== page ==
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Happy Superhero Friday! This week we welcome back the Mad Scientist and guarantee we'll either better your life or waste your time, but we sincerely hope to do both. We've got more on the Nintendo Switch, we'll dive into some music and gadgets of the week, and we'll also talk about variety.
In This Episode
- The Mad Scientist returrrrnsss!
- More about Nintendo Switch
- …of the Weeks!
- Variety is the spice of life
- Bad Lip Reading: The Force Awakens
More of the Same
You've heard the adage, “variety is the spice of life”? Because Brian brings it up and expresses his opinion on the matter, I thought it applicable to dive a little bit into the adage. Idioms are funny beasts; they become so much a part of our language, unfamiliar to foreigners or even untraceable in certain cases, that we don't often know where they come from or why they became so popular. This idiom comes from a poem called The Task by William Cowper. (If you're super interested, you can read the whole thing here.) The idealism extends back much further, but the phrase it this form is mostly attributed to William Cowper.
Variety’s the very spice of life,
That gives it all its flavour.
There is another interesting line shortly after this one, which says: “We have run through every change that fancy…and, studious of mutation still, discard a real elegance, a little used, for monstrous novelty and strange disguise.” Weeding through the 19th Century verbiage, I interpret this quite simply; in our pursuit of spice, we discard things that are truly pleasing for something that is not so familiar.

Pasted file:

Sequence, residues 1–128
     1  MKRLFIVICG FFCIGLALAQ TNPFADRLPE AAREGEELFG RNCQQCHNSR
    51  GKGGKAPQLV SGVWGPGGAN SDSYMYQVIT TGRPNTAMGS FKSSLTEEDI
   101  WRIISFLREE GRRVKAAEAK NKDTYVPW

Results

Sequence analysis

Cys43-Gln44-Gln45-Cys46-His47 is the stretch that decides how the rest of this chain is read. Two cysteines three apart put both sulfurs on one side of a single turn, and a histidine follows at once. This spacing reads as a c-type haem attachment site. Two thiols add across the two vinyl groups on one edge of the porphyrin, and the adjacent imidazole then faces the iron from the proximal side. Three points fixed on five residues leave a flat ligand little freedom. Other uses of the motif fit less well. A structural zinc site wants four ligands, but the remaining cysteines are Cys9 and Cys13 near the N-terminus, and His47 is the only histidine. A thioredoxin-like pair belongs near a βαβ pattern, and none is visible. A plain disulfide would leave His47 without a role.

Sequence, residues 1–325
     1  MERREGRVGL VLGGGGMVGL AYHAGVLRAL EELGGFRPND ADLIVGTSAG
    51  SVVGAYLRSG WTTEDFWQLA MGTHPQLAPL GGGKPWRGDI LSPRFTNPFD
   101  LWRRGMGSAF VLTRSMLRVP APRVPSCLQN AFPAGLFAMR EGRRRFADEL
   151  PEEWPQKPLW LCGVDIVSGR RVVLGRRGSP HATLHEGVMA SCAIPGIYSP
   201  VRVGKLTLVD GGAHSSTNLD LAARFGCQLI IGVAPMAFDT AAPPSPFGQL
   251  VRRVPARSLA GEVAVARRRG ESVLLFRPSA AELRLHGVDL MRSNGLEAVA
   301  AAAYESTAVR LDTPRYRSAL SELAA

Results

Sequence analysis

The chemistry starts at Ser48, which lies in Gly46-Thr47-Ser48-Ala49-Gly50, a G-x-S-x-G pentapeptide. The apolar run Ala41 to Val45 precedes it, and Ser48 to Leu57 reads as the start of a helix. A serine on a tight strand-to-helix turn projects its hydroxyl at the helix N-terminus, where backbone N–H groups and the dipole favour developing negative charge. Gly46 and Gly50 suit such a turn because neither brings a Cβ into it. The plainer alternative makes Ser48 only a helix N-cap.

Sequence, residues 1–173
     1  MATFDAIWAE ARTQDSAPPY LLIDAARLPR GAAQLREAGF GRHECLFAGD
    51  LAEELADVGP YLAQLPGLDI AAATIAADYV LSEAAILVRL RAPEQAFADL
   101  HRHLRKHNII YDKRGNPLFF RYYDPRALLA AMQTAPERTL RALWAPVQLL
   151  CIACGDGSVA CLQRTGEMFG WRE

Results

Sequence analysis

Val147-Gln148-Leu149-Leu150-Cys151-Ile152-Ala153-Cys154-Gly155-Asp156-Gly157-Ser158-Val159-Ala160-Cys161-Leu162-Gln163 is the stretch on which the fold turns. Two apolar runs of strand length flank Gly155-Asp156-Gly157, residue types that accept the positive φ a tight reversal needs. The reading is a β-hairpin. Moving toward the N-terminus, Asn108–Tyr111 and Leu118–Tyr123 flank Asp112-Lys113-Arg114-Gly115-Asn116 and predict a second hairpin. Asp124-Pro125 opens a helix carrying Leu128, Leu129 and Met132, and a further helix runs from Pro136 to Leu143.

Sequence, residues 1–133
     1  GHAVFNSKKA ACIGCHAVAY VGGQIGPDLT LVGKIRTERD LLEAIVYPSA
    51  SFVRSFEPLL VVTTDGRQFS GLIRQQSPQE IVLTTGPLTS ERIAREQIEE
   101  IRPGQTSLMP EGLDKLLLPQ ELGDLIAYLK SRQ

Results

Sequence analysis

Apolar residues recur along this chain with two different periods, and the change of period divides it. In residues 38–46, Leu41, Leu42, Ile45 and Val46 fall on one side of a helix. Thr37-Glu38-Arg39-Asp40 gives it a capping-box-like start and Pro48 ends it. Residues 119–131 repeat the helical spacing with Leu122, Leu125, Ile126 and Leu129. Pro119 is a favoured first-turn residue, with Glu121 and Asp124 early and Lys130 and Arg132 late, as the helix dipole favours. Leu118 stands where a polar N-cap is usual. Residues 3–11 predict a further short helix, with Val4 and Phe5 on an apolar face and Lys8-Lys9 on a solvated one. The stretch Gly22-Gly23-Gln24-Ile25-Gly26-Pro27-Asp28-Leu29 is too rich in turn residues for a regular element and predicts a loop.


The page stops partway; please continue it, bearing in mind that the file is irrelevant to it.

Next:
I'm terrible at trying new things. I love the things that are familiar and that I can rely on; after some reflection, I believe this is attributed to being disappointed by new things. I go back to what I know because even if it isn't a “real elegance”, it is trusted and I know what I'm getting. With new things, unfamiliar things, I don't know what I'm getting. For me, variety is less important than trusting what I'm getting.
That said, there is absolutely nothing wrong with having a healthy variety! Without people who take risks on new things, we would not have much of an economy, much less a society which innovates itself into the future. What I love about Cowper's poem, however, is that he shows us the good and bad of variety all in a couple lines. Variety's the very spice of life, but don't shed something that is familiar just because it isn't a novelty anymore.
There's a lesson for me in this, too. Reading between the lines rather than explicitly stated in Cowper's poem, I believe he's trying to draw attention to a balance and discernment between what is new and what is familiar. Hold onto what is elegant, but the spice of life can be found in variety.